I think that there's a hierarchy, an unwritten hierarchy, for instance, in hospital care. And I know that we're not just talking about hospital care-- that specialists tend to be more influential than primary care physicians and nurses, and primary care physicians are more influential than nurses, et cetera, et cetera. There is in medicine-- I'm not going to talk about the culture of nurses, but I will talk about the culture in medicine-- there is an "I alone" mentality, the idea that I'm trained, when I'm graduated, when I have oral examinations, people aren't helping me answer the questions. I must answer them alone. And there is a kind of a cultural belief that if I don't have all the answers, then why am I here? And we need to overcome that. 

No question, I learned late in my career as an emergency physician that when I function in a team, I do better. I'm a much better emergency physician when I'm surrounded by students, learners, residents, nurses, nurse practitioners, physician assistants, and allied health professionals. But and then, there's simply a lack of experience with teamwork. A lot of us talk teamwork, but we don't actually understand what it means to have team cognition, for instance. Rita?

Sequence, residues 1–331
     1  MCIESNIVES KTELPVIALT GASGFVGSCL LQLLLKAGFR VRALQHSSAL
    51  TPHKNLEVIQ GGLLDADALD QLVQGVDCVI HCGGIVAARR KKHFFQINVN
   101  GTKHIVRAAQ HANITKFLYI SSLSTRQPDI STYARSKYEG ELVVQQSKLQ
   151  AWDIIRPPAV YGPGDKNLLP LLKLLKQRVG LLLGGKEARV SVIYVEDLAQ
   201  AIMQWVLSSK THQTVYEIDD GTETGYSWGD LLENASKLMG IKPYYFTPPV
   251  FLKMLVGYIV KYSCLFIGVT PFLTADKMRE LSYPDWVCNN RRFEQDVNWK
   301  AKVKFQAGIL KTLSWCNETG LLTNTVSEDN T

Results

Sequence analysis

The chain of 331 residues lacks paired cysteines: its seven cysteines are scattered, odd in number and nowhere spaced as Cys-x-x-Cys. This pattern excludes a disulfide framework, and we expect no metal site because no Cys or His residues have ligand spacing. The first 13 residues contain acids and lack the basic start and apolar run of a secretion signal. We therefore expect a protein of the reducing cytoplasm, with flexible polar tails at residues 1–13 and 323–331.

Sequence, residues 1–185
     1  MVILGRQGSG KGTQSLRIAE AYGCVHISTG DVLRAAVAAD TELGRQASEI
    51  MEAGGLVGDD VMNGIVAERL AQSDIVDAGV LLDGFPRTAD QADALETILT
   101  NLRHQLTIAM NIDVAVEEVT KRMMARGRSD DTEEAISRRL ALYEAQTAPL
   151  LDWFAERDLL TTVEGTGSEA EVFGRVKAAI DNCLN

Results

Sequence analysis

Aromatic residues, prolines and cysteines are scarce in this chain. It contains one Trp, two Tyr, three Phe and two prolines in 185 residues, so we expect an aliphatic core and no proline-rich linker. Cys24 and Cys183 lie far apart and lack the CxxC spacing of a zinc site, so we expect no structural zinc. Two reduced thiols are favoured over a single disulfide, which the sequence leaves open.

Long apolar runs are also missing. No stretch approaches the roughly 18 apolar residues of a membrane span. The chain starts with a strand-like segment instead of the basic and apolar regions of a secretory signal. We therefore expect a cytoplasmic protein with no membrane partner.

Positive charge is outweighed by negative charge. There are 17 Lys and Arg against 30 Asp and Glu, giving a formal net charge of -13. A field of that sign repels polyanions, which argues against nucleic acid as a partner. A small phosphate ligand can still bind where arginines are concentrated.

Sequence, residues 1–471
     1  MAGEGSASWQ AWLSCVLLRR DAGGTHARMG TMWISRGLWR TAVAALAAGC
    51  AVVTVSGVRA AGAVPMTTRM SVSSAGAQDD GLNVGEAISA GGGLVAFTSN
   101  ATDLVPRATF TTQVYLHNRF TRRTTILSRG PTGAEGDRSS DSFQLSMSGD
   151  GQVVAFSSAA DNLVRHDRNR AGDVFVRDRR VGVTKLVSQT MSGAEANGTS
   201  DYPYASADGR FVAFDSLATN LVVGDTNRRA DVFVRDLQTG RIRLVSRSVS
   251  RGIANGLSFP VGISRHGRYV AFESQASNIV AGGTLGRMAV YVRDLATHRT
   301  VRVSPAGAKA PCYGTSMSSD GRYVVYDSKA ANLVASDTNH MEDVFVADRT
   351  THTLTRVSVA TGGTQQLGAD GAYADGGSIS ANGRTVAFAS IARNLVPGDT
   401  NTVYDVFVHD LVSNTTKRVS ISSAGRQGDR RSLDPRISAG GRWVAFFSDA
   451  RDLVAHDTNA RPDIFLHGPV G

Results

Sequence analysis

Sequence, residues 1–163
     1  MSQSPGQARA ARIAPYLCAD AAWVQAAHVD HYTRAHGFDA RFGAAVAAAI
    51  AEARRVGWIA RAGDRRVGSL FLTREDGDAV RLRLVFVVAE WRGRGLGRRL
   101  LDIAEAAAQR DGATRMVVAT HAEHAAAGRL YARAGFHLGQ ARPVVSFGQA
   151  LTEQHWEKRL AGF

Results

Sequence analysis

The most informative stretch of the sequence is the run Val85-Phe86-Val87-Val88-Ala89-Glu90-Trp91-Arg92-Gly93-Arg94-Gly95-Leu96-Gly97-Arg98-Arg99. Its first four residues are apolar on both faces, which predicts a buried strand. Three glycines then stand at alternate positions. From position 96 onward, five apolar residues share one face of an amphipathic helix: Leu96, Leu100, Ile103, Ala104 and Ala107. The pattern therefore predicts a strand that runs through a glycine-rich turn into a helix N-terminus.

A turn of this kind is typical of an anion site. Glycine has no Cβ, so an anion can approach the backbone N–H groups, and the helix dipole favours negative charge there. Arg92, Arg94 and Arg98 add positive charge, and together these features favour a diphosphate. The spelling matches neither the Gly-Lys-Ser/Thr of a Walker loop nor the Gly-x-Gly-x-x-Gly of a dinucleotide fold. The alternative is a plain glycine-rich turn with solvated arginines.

RITA MCCRACKEN: Yeah, I'll just add to that by and large, especially with regards to primary care, the total sum of our transformation is to talk about physician remuneration in new ways. And so it's completely targeted at individual doctors. So of course we're not getting team care. Of course we're not getting access for different patient groups. 

And I think the other thing, building on what Dr. Goldman just said, is that we have this belief, as within our profession, that what I do is right. And so this idea of a continual improvement loop versus just picking the right next step, we're constantly looking for quick fixes or, for a family doctor, a problem I can solve in 12 and 1/2 minutes and then document it very quickly.